Former Defence Minister Abdel Fattah Al-Sisi has collected more than 500,000 signatures of support, though his campaign only submitted around 190,000 to the Supreme Electoral Commission (SEC), said Al-Sisi’s legal advisor Mohamed Bahaa Abu Shoqqa Wednesday.
In the first press conference held by Al-Sisi’s presidential campaign, Abu Shoqqa said the campaign was able to collect 75,000 signatures on the day the floor for collecting signatures was opened, 31 March. Each presidential hopeful needs at least 25,000 signatures of support to be eligible to run for president.
Al-Sisi, who announced his resignation from the armed forces and his bid for presidency in the same address on state television last month became the first presidential hopeful to submit his official documents for candidacy Monday.
Abu Shoqqa displayed different criteria adopted while submitting the signatures of support. He said the campaign decided to submit only 190,000 signatures out of the 500,000 it had collected because it wishes to refrain from “showing off” and prefers modesty. He described the number of signatures collected by Al-Sisi’s campaign as “unprecedented”.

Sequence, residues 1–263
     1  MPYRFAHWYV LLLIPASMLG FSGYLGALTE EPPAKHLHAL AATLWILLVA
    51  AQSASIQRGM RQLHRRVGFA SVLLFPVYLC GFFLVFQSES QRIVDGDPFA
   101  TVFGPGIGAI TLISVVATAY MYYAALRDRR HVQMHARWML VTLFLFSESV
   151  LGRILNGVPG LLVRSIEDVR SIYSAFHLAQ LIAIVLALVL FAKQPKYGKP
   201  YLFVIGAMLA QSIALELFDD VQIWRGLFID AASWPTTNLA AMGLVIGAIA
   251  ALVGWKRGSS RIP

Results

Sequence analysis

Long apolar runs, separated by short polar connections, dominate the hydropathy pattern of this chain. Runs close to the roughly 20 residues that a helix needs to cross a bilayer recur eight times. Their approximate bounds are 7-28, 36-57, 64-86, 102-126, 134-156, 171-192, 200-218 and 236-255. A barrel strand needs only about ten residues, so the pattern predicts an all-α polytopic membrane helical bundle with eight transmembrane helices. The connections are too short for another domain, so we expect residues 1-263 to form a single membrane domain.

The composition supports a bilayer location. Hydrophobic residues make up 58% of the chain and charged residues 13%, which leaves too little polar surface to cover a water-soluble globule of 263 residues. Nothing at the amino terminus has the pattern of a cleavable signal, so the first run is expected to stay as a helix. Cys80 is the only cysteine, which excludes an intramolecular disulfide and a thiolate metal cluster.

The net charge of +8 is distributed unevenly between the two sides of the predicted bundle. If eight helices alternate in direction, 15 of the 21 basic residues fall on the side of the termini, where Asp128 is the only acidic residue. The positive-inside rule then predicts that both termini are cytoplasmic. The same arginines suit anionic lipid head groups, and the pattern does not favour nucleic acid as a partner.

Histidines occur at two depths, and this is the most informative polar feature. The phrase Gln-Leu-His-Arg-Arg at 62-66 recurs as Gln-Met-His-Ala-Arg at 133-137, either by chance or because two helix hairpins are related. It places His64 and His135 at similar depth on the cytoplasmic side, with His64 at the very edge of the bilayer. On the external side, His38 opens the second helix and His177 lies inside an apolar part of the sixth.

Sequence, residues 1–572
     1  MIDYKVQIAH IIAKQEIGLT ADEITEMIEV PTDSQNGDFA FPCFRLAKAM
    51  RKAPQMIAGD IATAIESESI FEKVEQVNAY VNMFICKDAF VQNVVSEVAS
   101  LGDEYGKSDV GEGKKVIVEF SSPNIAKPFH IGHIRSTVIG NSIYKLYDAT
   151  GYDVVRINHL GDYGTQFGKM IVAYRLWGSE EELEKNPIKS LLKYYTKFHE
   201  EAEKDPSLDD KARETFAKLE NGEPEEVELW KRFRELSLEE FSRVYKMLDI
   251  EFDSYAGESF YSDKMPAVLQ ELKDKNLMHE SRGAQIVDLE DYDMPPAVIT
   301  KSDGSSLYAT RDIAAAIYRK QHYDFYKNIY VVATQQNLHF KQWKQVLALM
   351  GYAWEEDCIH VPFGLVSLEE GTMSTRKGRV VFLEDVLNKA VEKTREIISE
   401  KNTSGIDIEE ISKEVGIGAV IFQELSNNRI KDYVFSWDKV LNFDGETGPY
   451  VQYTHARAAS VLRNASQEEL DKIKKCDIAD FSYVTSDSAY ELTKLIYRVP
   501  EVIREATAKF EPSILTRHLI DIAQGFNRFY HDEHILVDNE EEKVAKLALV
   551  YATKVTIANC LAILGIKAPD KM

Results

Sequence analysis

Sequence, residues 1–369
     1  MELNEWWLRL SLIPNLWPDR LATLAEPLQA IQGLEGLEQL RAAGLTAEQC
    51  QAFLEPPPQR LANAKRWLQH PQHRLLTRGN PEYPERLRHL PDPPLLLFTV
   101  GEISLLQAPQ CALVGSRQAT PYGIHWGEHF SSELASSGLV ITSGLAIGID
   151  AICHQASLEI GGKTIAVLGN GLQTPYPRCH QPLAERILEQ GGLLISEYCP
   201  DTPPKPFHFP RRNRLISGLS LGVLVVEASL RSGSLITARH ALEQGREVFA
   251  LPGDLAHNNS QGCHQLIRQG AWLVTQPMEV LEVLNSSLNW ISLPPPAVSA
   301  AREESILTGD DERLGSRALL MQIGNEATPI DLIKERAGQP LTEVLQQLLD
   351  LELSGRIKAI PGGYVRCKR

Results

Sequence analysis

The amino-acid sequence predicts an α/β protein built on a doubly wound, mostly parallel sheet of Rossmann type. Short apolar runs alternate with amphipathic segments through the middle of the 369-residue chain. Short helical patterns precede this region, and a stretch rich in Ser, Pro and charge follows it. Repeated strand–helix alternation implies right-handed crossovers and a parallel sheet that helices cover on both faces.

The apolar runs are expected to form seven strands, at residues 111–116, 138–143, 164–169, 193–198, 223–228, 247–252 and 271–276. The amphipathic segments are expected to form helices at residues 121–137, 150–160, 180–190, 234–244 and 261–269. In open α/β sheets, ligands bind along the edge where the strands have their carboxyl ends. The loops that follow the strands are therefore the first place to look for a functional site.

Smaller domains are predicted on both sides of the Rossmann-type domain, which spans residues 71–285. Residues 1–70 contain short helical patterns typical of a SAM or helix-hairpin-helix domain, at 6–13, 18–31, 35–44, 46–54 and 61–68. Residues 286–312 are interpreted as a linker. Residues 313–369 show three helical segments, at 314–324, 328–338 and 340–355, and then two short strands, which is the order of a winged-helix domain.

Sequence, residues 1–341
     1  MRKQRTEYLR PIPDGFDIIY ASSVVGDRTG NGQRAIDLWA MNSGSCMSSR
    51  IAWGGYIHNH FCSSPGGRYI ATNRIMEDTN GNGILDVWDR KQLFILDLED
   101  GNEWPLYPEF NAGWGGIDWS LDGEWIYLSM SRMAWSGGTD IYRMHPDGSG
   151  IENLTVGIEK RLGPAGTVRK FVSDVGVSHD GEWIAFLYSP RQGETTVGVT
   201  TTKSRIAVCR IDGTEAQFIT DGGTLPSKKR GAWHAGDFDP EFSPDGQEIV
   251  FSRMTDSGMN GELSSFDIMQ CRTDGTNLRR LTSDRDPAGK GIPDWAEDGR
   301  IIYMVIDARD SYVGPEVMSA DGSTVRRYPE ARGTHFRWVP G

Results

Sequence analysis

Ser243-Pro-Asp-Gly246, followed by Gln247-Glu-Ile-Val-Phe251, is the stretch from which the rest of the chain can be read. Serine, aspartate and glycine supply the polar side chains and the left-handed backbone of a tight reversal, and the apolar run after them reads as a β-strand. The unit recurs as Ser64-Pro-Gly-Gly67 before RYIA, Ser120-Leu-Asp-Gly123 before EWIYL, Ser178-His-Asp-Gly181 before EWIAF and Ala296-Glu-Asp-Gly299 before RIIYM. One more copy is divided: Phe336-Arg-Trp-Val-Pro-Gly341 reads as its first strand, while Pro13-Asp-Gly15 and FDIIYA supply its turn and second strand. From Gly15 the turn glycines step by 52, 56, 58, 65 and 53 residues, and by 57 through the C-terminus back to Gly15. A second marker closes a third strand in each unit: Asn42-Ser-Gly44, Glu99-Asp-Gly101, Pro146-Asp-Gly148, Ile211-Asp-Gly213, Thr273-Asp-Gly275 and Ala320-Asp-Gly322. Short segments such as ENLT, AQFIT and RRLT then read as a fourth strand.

“It would have taken two days to submit all 500,000 signatures,” Abu Shoqqa said.
He added that the campaign only submitted electronic signatures to facilitate the mission of the SEC when counting the signatures. The campaign submitted signatures from each governorate proportionate to the latter’s voting population, Abu Shoqqa said.
“We have submitted signatures from all governorates,” Abu Shoqqa said. “This reflects Al-Sisi’s wide popularity.”
The deadline to submit signatures of support is 20 April. Other hopefuls in the race include Nasserist politician Hamdeen Sabahy, lawyer and President of Al-Zamalek Sporting Club Mortada Mansour, and news anchor and activist Bothaina Kamel.
Al-Sisi has enjoyed support by a large segment of the population and political groups. Al-Wafd Party, which announced its support for Al-Sisi, gave the former field marshal’s campaign its party offices to use to collect signatures.
The first round of presidential elections is scheduled to take place on 26 and 27 May. A second round, if necessary, would take place on 16 and 17 June. The presidential elections law stipulates that the Presidential Elections Commission must announce the names of the candidates within two days of the closing date for nominations. If necessary, they will also detail those who applied who have been disqualified.
Presidential candidates must be at least 40 years old on the day the door for candidates opens and have never held the citizenship of another country. Candidates also must have either served their compulsory military service or have been legally exempted.